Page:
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comments on JSON-LD 1.0, A JSON-based Serialization for Linked Data

From: Peter Patel-Schneider <pfpschneider@gmail.com>
Date: Mon, 17 Jun 2013 11:02:45 -0700
Message-ID: <CAMpDgVzajHcb-Tg7zJoyYCLLDdo+LfoOz-nE_dmFYGm+PZ4T8w@mail.gmail.com>
To: RDF WG <public-rdf-wg@w3.org>
This document, http://json-ld.org/spec/latest/json-ld/, dated 13 June 2013,
is supposed to be an output of the W3C RDF working group, but RDF is only a
bit player in the document.  Without moving RDF to a central role in the
document, I do not see why this document should become a W3C recommedation
of this working group.


The document redefines just about everything related to RDF and Linked Data
with minimal or no pointers to any other W3C documents from the definitions.
The problem starts in the first paragraph of the document, where Linked Data
is defined without any references and without any mention of the central
role RDF plays in Linked Data.  The only mention of RDF in the introduction
is to say that *if* developers need to serialize an RDF graph or dataset
they "will find JSON-LD of interest."  The introduction goes on to further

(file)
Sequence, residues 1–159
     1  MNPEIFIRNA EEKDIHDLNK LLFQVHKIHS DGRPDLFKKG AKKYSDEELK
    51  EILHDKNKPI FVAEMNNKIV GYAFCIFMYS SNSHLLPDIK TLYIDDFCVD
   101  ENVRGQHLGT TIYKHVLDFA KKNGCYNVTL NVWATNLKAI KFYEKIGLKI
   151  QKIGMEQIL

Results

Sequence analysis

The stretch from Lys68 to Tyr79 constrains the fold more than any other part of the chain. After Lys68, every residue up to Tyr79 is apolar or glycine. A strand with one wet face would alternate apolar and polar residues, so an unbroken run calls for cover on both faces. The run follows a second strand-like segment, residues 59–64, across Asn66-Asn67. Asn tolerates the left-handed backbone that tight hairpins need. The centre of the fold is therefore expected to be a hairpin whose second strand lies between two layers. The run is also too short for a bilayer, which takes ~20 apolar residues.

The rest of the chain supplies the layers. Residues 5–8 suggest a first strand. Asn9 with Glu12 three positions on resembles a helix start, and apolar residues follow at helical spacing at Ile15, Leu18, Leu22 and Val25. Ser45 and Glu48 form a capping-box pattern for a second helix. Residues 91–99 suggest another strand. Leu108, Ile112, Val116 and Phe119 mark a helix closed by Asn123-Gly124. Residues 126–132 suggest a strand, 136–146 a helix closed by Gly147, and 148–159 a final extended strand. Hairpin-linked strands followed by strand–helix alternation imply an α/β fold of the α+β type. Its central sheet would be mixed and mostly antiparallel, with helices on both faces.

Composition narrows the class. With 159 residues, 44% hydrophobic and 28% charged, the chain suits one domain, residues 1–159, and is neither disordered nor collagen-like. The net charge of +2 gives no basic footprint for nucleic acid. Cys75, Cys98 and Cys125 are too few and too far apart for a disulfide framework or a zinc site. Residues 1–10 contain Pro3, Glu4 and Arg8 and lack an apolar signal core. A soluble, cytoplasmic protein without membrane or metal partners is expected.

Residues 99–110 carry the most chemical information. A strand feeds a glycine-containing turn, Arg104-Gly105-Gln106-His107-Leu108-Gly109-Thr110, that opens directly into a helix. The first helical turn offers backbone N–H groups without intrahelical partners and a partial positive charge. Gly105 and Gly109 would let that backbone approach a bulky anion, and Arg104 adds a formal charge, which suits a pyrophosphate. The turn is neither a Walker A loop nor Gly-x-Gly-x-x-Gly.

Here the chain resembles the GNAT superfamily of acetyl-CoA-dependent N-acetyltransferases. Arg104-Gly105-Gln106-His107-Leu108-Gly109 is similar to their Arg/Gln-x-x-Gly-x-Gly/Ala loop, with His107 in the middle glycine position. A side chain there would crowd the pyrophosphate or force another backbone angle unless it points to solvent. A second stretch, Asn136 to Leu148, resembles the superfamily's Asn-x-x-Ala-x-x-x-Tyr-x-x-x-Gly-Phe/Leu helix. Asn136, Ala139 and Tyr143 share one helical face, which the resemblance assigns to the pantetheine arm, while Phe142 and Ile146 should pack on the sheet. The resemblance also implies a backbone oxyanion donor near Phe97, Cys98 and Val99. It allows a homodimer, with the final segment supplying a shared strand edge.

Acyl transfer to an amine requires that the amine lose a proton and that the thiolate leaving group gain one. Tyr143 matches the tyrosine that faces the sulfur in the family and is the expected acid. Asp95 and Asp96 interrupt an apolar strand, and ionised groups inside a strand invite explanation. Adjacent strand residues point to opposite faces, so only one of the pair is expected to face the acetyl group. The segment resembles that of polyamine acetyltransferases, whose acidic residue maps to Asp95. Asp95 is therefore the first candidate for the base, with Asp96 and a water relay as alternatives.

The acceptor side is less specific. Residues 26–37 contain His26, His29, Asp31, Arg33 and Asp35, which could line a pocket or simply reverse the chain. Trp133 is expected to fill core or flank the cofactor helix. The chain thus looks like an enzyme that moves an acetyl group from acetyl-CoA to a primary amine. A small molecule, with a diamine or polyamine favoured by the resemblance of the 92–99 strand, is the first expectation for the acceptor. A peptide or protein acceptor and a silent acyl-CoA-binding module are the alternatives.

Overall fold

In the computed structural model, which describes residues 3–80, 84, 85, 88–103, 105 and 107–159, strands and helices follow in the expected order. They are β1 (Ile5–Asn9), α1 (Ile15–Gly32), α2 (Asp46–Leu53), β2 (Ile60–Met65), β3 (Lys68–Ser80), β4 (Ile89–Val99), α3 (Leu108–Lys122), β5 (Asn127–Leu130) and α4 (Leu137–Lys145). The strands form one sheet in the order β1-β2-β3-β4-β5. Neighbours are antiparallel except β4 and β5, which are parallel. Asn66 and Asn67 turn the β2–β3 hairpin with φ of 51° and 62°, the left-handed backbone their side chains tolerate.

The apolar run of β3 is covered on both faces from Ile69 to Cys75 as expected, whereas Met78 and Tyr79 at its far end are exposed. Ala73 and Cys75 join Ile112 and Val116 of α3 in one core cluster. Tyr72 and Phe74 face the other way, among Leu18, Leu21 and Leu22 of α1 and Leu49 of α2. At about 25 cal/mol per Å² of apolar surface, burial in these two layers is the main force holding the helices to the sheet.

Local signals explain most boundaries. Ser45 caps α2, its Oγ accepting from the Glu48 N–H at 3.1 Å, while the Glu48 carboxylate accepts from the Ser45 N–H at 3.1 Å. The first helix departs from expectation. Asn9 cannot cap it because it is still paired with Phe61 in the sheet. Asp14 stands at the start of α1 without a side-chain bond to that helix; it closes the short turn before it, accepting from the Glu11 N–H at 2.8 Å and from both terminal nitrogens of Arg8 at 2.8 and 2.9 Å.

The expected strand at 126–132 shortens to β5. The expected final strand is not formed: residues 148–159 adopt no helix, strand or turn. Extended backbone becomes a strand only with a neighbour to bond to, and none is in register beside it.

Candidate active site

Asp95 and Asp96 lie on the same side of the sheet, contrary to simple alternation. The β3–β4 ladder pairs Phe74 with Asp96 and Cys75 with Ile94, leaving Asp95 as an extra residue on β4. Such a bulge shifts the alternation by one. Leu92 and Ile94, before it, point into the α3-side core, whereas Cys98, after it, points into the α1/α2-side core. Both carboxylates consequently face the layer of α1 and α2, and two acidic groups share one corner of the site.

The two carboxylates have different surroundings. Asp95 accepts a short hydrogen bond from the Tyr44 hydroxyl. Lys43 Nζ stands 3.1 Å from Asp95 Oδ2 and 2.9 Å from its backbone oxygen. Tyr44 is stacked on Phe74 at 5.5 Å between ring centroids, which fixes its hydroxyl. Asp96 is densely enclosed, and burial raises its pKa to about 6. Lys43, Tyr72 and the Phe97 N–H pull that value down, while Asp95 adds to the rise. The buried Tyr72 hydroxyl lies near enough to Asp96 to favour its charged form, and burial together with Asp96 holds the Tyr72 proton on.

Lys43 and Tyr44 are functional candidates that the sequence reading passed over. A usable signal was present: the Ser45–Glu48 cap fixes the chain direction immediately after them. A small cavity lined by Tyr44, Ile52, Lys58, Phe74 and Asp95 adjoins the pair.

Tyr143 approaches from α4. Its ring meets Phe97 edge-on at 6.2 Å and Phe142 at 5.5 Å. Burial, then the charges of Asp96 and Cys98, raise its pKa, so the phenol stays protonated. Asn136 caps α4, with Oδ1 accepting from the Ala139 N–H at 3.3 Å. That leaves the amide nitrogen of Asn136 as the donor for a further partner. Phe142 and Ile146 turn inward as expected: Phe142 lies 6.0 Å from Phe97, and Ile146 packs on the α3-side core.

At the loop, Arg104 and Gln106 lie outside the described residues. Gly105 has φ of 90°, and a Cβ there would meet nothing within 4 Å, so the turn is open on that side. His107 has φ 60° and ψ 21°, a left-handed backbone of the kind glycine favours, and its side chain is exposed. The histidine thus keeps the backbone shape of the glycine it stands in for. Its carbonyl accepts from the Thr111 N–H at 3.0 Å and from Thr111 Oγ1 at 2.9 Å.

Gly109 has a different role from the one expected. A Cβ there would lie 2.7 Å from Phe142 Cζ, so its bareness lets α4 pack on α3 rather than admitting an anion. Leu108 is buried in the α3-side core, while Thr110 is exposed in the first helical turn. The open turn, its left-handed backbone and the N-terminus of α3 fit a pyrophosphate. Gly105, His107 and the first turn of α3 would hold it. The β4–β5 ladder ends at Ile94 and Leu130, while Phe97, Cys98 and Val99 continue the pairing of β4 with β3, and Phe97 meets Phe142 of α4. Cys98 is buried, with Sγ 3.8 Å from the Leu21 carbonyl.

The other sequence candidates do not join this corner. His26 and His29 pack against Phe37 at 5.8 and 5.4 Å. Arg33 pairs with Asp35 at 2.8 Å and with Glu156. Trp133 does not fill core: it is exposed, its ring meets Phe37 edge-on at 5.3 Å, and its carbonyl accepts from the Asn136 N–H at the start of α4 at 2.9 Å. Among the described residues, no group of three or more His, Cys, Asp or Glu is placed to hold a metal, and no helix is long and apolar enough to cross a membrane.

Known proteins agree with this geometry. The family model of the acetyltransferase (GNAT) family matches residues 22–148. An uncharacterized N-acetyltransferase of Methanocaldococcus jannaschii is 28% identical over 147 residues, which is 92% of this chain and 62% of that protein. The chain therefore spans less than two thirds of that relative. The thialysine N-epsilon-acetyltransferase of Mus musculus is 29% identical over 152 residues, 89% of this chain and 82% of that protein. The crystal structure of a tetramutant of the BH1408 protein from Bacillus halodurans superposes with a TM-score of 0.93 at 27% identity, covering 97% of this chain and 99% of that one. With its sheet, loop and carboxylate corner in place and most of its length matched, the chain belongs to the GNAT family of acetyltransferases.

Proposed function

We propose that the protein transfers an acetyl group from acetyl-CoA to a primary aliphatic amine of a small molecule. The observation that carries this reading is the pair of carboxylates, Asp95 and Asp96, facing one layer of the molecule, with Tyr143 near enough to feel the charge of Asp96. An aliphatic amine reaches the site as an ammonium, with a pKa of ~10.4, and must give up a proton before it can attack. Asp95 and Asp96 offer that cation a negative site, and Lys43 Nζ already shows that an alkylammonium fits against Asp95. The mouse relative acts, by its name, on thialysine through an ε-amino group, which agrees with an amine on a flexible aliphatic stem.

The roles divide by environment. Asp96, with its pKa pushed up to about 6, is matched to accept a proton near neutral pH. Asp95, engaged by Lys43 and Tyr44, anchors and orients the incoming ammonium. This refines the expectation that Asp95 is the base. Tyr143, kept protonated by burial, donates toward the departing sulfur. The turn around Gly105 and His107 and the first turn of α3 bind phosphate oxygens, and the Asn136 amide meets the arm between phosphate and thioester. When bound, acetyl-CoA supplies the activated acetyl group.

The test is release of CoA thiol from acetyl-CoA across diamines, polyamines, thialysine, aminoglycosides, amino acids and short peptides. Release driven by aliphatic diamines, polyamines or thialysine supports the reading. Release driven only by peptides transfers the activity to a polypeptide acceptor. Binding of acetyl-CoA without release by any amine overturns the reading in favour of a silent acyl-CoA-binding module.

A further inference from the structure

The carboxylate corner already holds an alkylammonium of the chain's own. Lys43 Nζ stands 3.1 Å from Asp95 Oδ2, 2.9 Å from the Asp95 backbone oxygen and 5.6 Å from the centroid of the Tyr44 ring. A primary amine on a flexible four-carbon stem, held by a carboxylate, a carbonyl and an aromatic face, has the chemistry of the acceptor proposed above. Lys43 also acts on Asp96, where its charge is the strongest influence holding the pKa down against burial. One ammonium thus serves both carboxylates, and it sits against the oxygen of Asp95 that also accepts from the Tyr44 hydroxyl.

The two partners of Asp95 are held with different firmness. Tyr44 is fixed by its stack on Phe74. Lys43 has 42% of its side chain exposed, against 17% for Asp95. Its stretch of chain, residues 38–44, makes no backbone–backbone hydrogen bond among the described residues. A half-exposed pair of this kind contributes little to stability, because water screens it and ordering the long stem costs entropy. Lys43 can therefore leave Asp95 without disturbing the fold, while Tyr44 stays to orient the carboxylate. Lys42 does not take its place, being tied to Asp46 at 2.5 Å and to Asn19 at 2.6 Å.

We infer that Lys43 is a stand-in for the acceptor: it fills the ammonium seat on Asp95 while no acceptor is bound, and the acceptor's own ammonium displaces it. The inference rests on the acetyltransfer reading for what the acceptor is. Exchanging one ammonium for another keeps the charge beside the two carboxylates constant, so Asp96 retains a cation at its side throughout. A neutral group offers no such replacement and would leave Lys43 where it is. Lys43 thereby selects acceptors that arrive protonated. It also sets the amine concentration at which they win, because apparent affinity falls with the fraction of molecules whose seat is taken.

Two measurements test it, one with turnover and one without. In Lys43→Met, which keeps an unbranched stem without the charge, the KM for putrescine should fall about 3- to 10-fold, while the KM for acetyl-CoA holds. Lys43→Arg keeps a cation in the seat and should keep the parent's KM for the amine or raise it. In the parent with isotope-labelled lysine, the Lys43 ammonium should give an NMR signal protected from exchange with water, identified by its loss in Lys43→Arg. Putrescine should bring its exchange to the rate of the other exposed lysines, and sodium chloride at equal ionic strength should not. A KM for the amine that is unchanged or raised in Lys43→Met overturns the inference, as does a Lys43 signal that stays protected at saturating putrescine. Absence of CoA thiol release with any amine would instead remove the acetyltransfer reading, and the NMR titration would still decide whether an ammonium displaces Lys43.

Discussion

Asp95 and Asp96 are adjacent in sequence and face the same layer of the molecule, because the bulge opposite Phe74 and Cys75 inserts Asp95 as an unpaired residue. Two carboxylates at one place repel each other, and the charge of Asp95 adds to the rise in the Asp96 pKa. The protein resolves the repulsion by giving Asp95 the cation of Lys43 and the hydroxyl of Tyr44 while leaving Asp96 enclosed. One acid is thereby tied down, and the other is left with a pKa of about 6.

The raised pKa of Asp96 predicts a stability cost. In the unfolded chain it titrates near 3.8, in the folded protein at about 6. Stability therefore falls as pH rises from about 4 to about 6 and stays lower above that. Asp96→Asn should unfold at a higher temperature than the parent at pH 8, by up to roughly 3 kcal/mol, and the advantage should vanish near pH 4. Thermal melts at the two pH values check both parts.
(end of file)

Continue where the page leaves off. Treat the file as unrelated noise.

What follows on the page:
separate Linked Data and RDF by listing them separately.  The relationship
between JSON-LD and RDF is specified in a non-normative section of the
document.  RDF serializations are mentioned as if they are divorced from
RDF.  All RDF references are informative.

For JSON-LD to be a W3C recommendation, I believe that it must defer to the
W3C vision of Linked Data, including both the initial definitions of Linked
Data and the centrality of RDF in Linked Data.  For JSON-LD to be a W3C
recommendation from the W3C RDF working group, I believe that it must be
normatively based on RDF.


The Design Goals and Rationale for JSON-LD states that there is no need to
understand RDF to use JSON-LD, but that JSON-LD can be viewed "like any
other RDF syntax."  However, JSON-LD is different from every RDF syntax in
several fundamental ways (including not being defined in terms of the RDF
data model).

For JSON-LD to be a recommendation from the W3C RDF working group, I believe